But, the apps differ slightly in that Evernote organises its notebooks as ‘stacks’, these stacks are collections of notebooks. For example, you could have a stack called “Uni” that has separate notebooks for each topic. It is easier to think of these stacks and notebooks as a traditional filing cabinet. Stacks would be the individual drawers and notebooks would be the different sets of paper stapled together in the drawers and then pages are the pieces of paper themselves.
Here is an example of organisation in Evernote…
In this image, ‘Notebooks’ at the top would count as the stack, ‘Personal’ as the note book, and ‘Home Renovation Inspirations’ as a page (note a ‘page’ is not limited to a single page in length)
OneNote’s design is similar but it based upon the idea of a ring binder. Notebooks are selected from a drop down menu (which can be pinned to the side of the screen permanently). Once you have accessed a notebook, similar to most internet browsers you see nowadays, there are ‘tabs’ across the top, much in the style of a ring binder, each of the tabs is a different section of the notebook and then finally once a tab is selected on the far right of the screen is a list comprising the different pages within that section of the notebook.
This is a screenshot from the OneNote app on my computer. ‘English Past Present and Future’ is the notebook I have selected by clicking on the drop down menu and selecting it, and as you can see within that are the different coloured tabs at the top, e.g. I had selected ‘TB2 LecSem4’ and within that as seen on the far right are the different pages of notes, once again note a ‘page’ is not limited to a single page in length.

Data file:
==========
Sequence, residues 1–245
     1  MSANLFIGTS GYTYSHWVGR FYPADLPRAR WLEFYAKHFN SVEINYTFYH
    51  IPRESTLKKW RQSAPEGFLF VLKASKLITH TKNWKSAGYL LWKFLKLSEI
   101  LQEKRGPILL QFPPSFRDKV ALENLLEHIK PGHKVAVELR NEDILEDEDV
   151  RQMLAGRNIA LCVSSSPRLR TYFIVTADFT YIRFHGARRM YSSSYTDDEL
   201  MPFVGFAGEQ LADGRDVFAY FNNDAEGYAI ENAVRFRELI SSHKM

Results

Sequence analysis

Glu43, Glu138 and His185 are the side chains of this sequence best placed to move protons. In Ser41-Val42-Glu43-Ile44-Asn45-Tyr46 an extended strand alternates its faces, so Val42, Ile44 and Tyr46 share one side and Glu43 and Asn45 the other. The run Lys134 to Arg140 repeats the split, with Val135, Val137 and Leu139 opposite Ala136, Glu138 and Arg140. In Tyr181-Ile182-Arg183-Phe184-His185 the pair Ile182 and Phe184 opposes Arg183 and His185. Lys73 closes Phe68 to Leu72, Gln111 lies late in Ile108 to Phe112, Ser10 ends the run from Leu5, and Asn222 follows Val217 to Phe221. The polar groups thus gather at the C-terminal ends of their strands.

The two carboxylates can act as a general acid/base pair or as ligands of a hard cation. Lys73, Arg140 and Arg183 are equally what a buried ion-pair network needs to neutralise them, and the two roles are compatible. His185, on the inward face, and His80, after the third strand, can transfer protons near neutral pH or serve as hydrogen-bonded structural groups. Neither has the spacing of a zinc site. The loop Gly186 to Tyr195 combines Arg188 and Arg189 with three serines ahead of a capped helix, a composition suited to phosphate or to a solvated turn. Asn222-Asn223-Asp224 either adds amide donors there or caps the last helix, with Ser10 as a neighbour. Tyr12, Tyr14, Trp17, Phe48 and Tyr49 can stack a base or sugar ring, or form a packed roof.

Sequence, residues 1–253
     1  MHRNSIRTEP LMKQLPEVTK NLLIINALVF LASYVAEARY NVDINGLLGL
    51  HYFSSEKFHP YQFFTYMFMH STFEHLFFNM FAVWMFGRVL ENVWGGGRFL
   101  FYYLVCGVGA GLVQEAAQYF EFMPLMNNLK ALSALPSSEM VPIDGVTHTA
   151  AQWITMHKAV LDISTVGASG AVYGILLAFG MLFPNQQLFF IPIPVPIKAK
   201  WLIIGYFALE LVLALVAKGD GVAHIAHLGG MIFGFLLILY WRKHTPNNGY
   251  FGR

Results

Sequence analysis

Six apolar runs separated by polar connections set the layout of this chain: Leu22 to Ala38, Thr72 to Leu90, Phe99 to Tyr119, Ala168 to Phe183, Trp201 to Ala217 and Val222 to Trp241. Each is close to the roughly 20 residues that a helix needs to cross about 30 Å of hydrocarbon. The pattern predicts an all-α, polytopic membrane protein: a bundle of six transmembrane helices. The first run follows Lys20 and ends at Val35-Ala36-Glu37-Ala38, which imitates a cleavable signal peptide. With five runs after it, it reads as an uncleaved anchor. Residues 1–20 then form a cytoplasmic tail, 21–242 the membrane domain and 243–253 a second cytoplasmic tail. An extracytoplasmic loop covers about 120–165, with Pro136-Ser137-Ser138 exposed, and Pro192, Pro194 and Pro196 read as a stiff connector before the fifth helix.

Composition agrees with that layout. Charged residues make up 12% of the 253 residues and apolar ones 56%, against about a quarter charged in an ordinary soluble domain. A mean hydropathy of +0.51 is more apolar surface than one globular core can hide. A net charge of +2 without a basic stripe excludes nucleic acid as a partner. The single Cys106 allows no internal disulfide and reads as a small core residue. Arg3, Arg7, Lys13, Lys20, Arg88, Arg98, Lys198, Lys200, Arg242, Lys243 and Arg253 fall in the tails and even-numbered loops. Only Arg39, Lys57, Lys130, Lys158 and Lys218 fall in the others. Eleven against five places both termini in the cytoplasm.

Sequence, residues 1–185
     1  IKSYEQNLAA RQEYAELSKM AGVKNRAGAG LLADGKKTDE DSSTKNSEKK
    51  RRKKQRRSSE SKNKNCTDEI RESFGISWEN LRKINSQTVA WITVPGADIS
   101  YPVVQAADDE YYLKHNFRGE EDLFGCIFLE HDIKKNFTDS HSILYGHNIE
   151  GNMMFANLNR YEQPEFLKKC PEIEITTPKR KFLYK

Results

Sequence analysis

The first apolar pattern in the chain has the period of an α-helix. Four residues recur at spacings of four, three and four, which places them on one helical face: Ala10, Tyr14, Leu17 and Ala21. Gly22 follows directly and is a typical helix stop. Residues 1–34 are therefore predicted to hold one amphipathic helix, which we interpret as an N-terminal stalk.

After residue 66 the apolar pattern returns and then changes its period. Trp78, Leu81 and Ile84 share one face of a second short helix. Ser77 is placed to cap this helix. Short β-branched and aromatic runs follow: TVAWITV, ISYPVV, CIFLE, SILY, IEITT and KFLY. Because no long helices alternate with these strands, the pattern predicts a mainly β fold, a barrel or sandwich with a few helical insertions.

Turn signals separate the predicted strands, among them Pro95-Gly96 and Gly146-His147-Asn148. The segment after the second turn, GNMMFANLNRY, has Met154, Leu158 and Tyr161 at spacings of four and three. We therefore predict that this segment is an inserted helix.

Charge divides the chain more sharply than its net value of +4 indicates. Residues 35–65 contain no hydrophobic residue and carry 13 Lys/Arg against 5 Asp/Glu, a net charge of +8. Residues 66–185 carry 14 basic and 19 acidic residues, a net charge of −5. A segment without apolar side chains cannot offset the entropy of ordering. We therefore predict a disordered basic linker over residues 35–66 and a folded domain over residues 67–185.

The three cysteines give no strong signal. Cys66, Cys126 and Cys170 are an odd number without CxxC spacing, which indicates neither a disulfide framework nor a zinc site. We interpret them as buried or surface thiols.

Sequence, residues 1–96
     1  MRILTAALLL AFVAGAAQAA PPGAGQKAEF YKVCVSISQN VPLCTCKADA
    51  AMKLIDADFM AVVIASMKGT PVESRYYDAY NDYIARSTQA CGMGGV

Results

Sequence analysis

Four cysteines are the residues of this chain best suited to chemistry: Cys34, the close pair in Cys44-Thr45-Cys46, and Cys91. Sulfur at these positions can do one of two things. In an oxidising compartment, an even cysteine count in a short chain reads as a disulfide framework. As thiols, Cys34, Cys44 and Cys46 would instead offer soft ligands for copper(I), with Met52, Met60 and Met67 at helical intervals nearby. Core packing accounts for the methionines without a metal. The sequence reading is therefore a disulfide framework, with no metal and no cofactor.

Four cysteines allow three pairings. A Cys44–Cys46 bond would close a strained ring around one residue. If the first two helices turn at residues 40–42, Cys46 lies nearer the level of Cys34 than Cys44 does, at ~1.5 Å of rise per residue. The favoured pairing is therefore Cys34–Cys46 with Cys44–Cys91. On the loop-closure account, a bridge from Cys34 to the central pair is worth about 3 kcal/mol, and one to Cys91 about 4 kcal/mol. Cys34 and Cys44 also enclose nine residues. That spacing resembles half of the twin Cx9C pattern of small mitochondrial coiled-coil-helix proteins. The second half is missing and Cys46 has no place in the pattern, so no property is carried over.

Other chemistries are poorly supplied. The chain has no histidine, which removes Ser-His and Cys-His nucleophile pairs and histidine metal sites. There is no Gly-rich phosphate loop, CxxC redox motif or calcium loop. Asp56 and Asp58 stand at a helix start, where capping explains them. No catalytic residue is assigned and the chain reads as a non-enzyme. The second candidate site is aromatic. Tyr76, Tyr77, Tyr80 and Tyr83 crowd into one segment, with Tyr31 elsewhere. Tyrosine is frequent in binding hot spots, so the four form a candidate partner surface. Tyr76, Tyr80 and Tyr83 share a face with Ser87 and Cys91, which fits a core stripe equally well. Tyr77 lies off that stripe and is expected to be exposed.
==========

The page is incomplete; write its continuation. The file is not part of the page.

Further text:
2/ Both apps have a huge range of text formatting options, (talking about the iPad versions) on OneNote it is the typical Microsoft Office style ribbon which allows you to do anything you can do on Microsoft Word. Evernote is similar to this and gives you a banner at the bottom of the screen which has similar features but I dare say it is lacking in comparison to the plethora of features that are made available to you with the Microsoft Office style ribbon with OneNote.
3/ Multimedia note taking is another feature which many may see as a deciding factor as in a modern technological age more than just the ability to write plain text is needed. This is where there is a back and forth between the two applications. Evernote allows brilliantly innovative features such as their ‘web clipper’ feature which allows you to select a webpage and save a simplified or full version of it to an Evernote notebook, this comes in handy especially for design related courses. Both apps allow you to insert audio, pictures and drawings as standard but one, for me, huge advantage of OneNote over Evernote is the ability to put content anywhere on the page. This means that when you want to draw a diagram or insert an image it doesn’t have to be in line with all your other text it can alongside it, something I have found to be incredibly useful for when I am studying a complicated theory and I can have a diagram or picture alongside it to help me understand better.